Article I wrote for Oct., 2014 WCGMC News
Who knows the most significant event of 1982? Could it be:
- The Epcot Center opens in Orlando, Florida
- Britian overcomes Argentina in the Falklands.
- Chariots of Fire wins Oscar for Best Picture.
- MRI (Magnetic Resonance Imagery) makes its medical debut.
Wrong, wrong, wrong and wrong. The most significant event in 1982 was when the International Commission on Mineral and Mineral Names (CNMMN) adopted the name titanite and discredited the mineral name sphene. Unlike those other events, the impact was immediate and worldwide. OK, maybe a few of you missed the event, but now you know.
WCGMC flirted with titanite collecting all summer. Perhaps not as infamous as the cry “It must be an amphibole”, but “ooh, it’s another titanite” was commonly heard in the field this summer.
Our first encounter was at Rose Road in St. Lawrence County on our Memorial Day trip (see June/July newsletter). Titanite can be found as chocolate brown crystals up to about an inch, but often smaller, at both major collection sites at that Pitcairn, NY location. It may not be as colorful as the green or lavender diposide there, or as fluorescent as the scapolite and albite, or as common as the blue calcite boulders, but it is certainly a prize when occurring as a terminated crystal. Often the titanite occurs in albite, but sometimes the encasing mineral is calcite and the presentation can be improved with a little muriatic acid.
Titanite is a calcium titanium silicate (CaTiSiO5) and occurs as a common accessory mineral in felsic igneous rocks. But more importantly for us Grenville hunters it also occurs in metamorphic rocks. Specifically, in calcite veins and in skarns, where the parent rocks were carbonates and invading fluids contained sufficient silica and titanium. The Rose Road locale is a skarn, but we have actually collected in multiple environments this summer.
The best titanites of the summer were collected at the Miller property in Eganville, Ontario. Some were found as floaters, presumably released from their original home in calcite veins by the near surface action of organic acid (Joyce, 2006). Most showed clear evidence of the penetration twinning common in the species. Digging in the dirt surrounding tree roots around calcite veins can be productive in locating floaters. But our best find came on our return trip to the site in September (see page 1 for more on this trip). While pecking away at a fairly thick calcite vein adjacent to a mafic gneiss host rock, a significant number of 1-2” titanites were exposed. The crystals seemed to be focused near the vein margin. A combination of sawing and chiseling, combined with a dose of patience and probably a bit of luck permitted recovery of several 1-2” shiny and twinned titanites.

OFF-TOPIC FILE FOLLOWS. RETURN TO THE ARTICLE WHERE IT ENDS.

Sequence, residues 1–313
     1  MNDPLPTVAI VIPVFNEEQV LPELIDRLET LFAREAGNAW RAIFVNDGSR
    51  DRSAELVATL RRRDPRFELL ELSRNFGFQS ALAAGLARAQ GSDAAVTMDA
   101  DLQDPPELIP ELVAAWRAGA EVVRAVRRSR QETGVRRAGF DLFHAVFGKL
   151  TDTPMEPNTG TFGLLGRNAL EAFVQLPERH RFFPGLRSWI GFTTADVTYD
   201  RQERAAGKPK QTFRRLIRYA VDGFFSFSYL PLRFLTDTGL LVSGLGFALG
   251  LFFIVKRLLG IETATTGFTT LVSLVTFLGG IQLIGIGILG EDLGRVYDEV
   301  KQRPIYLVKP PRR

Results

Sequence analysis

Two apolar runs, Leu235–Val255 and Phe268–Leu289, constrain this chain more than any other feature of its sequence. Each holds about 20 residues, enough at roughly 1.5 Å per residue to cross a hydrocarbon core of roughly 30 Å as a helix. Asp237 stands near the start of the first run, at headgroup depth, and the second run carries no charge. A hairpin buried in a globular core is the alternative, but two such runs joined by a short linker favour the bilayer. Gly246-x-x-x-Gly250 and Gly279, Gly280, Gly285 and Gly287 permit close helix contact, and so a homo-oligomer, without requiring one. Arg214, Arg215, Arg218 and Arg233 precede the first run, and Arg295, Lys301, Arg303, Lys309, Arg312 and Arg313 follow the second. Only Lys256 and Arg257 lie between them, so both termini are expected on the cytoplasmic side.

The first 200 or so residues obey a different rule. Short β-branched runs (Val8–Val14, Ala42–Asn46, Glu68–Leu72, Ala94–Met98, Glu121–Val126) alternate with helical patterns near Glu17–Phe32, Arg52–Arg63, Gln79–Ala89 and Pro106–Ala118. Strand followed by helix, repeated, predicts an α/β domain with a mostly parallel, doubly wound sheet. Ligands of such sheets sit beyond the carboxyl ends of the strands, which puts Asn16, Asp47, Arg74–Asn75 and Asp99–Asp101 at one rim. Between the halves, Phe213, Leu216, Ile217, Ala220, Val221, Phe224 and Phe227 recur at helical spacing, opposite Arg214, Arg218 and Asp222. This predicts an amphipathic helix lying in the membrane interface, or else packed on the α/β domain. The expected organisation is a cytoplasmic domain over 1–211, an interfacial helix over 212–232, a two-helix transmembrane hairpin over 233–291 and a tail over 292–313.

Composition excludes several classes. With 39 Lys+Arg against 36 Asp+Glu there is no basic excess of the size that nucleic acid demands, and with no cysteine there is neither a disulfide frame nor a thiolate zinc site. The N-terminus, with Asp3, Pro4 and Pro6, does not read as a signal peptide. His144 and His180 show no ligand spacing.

The large slab in the cover photo above is also from Eganville. Can you tell the chocolate brown titanites from the pyroxenes in this calcite vein. Several are greater than 1″ in size and many are nicely terminated: a fine garden rock. More Eganville titanite:
We also found titanite at a roadcut on Musclow-Greenview Road north of Bancroft (Bancroft CC, 2013, p. 46) on our first trip there in July. Stopping for red drusy quartz, a favorite of Sue Hoch, we realized that the host granite was a pretty combination of dark green augite, pink-orange feldspar and chocolate brown titanite. Crystals were rare, but the rock was interesting. Perhaps it will slab nicely, but my preferred pieces are destined to be preserved as interesting igneous rocks.
Bancroft CC, 2013, Bancroft and District Regional Mineral Collecting Guidebook, Bancroftt CC publication, 69 p.
Joyce, D.K., 2006, Calcite Vein-Dikes of the Grenville Geological Province, Ontario, Canada, Rocks and Minerals, v. 81, p. 34-42.